18 November 2018Last updated


How to divorce proof your marriage

You said ‘until death do us part’, but what do you do when the other D word rears its ugly head? Read on for the expert’s guide to keeping your marriage as solid as your wedding ring

Catherine Langley
1 Oct 2013 | 12:00 am
  • Divorce

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You’d be hard-pressed to find a couple who’ve walked down the aisle thinking “this won’t last forever”. Yet despite the good intentions, there are a fair few of us who won’t cross the finish line. Official figures revealed that Dubai had an average of around three divorces a day in 2012, with 1,129 in total being registered in that year alone*. Elsewhere the findings are also dismal with figures published in 2012 estimating that 42 per cent of UK marriages will end in divorce**. So what’s the secret to not ending up on the D-list? Read on to find out...


This seems obvious, but according to a UK study carried out by insurance company Ensure, excluding time asleep, the average couple now spends just three hours and 45 minutes together during the week, of which 51 minutes is spent in front of the TV and 37 minutes taking care of chores. More than 27 per cent said they didn’t have a chance to have a proper chat until the weekend. “In our normal daily conversations and when things are good in a relationship, it can be quite easy to overlook minor issues in communication,” says Dr Lavina Ahuja a psychologist and consultant at LifeWorks Dubai ( “Communication only becomes an issue when things are difficult.” If you are both committed to keeping your relationship intact Dr Ahuja recommends ‘reflexive listening’. “This is a wonderful exercise that can help highlight the assumptions we tend to make when listening to our partner. It is a simple exercise where you listen to your partner talk for two to five minutes and you paraphrase and repeat back what you thought they said. Your partner then has the opportunity to see if they are being heard and understood.”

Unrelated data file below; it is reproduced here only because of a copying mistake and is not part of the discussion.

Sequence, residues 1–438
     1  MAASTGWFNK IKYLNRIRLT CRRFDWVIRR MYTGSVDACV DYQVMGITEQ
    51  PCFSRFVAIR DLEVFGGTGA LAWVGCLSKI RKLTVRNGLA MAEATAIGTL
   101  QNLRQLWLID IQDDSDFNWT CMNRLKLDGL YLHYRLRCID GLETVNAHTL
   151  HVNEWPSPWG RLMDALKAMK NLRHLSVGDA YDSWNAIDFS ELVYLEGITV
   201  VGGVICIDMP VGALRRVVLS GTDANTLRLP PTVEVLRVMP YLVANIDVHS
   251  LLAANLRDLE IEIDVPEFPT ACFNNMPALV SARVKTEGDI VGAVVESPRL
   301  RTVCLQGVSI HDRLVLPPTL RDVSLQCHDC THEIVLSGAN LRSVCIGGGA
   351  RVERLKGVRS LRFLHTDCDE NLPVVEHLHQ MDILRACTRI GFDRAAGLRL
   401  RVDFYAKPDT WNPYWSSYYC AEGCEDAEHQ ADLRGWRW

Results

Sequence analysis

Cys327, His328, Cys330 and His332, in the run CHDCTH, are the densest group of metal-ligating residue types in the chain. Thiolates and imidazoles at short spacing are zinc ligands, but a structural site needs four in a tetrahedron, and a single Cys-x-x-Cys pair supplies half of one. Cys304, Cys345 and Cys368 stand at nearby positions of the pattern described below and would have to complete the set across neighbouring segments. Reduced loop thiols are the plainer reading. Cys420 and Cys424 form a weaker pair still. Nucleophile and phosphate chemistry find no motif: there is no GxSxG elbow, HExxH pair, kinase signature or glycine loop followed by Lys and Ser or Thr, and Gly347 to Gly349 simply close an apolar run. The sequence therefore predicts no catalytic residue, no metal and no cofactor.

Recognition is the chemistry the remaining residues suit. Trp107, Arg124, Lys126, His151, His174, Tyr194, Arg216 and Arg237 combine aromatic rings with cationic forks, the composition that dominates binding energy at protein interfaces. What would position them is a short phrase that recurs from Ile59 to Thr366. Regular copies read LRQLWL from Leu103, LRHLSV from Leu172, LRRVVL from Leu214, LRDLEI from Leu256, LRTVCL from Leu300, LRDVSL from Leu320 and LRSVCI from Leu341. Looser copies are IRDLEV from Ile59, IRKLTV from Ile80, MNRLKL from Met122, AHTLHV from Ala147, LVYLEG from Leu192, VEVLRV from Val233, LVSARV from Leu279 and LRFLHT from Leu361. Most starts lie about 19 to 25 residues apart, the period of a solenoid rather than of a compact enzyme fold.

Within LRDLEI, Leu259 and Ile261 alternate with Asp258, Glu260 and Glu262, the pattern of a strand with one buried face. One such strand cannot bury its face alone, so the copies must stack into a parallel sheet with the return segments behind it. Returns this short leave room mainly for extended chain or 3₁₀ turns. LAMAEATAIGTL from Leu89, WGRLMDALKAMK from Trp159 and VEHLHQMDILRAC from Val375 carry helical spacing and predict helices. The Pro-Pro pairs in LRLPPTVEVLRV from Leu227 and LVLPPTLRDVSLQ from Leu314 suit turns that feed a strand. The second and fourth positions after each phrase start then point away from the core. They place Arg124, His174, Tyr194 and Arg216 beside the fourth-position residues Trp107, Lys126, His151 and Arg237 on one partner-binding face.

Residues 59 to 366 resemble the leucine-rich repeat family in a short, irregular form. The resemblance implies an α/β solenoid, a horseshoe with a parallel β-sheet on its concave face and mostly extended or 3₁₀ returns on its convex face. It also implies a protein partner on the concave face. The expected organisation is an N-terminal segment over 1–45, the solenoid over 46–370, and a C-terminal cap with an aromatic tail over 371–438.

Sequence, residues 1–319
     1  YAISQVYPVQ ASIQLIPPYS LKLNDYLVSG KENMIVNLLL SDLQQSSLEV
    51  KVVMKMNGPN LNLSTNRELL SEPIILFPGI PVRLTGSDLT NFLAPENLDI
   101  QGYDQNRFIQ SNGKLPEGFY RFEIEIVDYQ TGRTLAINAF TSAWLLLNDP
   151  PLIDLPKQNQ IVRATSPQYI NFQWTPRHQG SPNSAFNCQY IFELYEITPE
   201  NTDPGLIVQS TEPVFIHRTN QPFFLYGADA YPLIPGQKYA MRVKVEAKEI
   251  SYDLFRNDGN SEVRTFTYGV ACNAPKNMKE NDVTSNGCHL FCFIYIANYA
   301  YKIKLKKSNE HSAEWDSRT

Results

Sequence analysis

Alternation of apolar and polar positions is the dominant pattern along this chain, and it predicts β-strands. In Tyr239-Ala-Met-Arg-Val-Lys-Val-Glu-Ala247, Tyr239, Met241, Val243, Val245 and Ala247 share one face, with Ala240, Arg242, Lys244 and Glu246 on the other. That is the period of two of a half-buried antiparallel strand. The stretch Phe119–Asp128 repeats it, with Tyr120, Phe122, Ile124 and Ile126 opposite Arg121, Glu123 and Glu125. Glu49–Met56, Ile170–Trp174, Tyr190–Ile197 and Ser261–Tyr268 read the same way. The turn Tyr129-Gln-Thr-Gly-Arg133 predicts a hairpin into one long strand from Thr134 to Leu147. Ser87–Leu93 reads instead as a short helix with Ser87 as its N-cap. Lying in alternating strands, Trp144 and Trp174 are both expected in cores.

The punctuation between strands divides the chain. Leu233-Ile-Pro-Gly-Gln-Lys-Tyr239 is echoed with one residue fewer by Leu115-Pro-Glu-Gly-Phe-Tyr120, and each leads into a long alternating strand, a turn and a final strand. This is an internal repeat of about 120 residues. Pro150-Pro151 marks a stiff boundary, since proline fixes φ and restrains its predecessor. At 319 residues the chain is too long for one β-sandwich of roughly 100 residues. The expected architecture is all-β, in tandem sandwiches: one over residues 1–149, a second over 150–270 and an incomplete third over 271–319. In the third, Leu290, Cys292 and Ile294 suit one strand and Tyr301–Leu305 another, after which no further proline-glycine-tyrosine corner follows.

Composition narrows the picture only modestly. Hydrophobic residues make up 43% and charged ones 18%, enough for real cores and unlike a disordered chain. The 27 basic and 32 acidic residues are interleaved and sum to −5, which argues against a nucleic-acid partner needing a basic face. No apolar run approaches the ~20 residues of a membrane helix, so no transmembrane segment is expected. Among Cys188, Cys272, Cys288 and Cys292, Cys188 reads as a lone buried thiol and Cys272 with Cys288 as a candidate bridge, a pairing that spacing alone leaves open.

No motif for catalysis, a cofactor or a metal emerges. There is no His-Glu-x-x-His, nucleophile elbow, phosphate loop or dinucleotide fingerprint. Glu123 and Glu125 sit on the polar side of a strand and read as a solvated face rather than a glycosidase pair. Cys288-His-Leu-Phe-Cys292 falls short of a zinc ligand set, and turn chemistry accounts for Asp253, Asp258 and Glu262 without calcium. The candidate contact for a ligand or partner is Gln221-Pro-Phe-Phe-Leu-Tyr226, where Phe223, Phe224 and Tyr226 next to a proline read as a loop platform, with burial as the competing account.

It’s a natural step for most couples to take, but while children bring plenty of joy, they also bring added challenges – sleepless nights, dwindling libido and a muted social life – which can cause stress fractures within your relationship. According to a study carried out by relationship charity OnePlusOne, nearly a quarter of the 1,400 people surveyed went on to split from the partner with whom they had their first child. “A lot of people go into parenthood without discussing expectations,” says relationship coach Maria V Chatila, from BPA Coach ( “Having these conversations helps the couple to establish how they want to be in the partnership during the next phase.”

Whether it’s discussing how you divvy up responsibilities, or how to deal with the arrival of a little cherub, Maria stresses the importance of open dialogue.

And after the arrival? “Life will throw curve balls at you but how you handle them is going to determine how your relationship will thrive. First, reflect on your behaviour.
 Are you giving your partner the space to share parenthood 
or are you expecting him to do everything your way? Women are guilty of this a lot. We expect our man to help out but when he does, we criticise his approach. Next, have a conversation with your spouse about your individual roles in parenthood and how you feel about the part you’re playing.”